Miles 1-3: warm up. The first three miles I took as a warm up. The beginning of the race was a bit congested and I didn’t want to weave through people left and right. Also right off the bad, I had to pee…which didn’t make the beginning very comfortable. I knew I couldn’t afford the time to use the bathroom, so I just sucked it up, and eventually the feeling went away 🙂 (does that happen to others to? It happens to me almost every race #smallbladderproblems). I felt strong and comfortable this portion, and aimed to start picking up the pace afterwards.
Miles 4-6: terrible hill + revised race plan. The pain started setting in mile 4 – the good kind of pain. The pain that helped confirm that I was pushing myself. Mile 5 had the dreadful, long hill I mentioned, and I focused on keeping my cadence steady while not over-exerting effort here; I still had a long way to go! After finally tackling the hill on the first loop, I realized I needed to revise my plan a bit…I decided to monopolize and run faster during the downhill and flat portions of the course. Central Park is pretty hilly, and if I was going to lose some steam on the uphills, I needed to make up that time elsewhere. Loop 1 was done, and I went ahead with this plan for loop 2.
Miles 7-10: steady blur. The second loop felt like a bit of a blur. I was in the zone, keeping a steady not-too-comfortable pace the entire time. The uphills took a bigger toll on me during the second loop, and compensated through quick leg turnover during the flat/downhills. I took an gel at mile 7 which did wonders. This was my only water stop for the race.
Miles 10-13: turning point + racing my heart out. I checked my watch at mile 10 and I had just passed the 1 hr 30 min mark. This was the turning point for me. I knew I was likely in for sub-2 (yay!), but this was when I had to decide if I was going for the PR. My legs were tired from all the hills, and it was tempting to just keep my current pace to the very end; if I did, I knew I’d likely not ring in past my best time. And so I decided to GO FOR IT. I wanted to look back and not regret a single second of this race knowing that I put everything I had into it. The next three miles I gave everything I had.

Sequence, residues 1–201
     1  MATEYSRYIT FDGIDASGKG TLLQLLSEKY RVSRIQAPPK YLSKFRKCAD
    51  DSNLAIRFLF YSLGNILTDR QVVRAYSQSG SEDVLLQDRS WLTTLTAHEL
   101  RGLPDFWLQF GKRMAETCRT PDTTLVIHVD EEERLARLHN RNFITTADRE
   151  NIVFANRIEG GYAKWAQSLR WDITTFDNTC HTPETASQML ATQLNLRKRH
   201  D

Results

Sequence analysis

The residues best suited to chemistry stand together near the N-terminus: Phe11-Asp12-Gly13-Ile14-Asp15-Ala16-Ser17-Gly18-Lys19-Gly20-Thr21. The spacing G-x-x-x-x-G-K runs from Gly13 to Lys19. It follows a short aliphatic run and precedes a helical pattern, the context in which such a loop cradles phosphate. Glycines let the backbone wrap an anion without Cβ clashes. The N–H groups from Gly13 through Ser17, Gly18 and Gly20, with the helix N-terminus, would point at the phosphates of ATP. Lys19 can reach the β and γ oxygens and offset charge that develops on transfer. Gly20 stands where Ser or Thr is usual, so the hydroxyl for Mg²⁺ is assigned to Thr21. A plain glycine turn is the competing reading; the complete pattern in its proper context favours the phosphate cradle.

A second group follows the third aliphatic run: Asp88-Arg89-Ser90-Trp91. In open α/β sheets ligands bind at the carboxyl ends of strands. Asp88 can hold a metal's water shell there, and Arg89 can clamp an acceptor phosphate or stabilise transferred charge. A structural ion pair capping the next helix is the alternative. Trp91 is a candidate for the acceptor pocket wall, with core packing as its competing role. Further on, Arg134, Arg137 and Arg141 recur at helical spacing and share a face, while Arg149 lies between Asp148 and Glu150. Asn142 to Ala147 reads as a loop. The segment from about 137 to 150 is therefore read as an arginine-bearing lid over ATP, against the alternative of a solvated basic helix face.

At mile 10, I picked up the pace substantially. Then miles 11-12 were full on sprints. I also decided to stop looking at my watch from this point. I literally could not move my legs any faster than they were going – it was a kind of surreal. The pain was somewhat lifted towards the end, and I crossed the finish line with everything I had. I was so scared to look down at my watch for my final time, but when I did and saw I shaved off 1 minute from my PR, I was ECSTATIC!!
I remember my previous PR from 1.5 years ago, it was right after my active summer traveling across Europe. I was the healthiest and lightest I’d ever been…I fought for the sub-2 so hard that race and wasn’t sure if I would ever be able to reach that point again. With that said, I’m so happy to tackle a sub-2 once again, pull off a PR, and realize that I have NOT peaked! The whole race was so much fun, and I felt so present the entire time. I’m beyond grateful to see my training so far produce some gratifying results.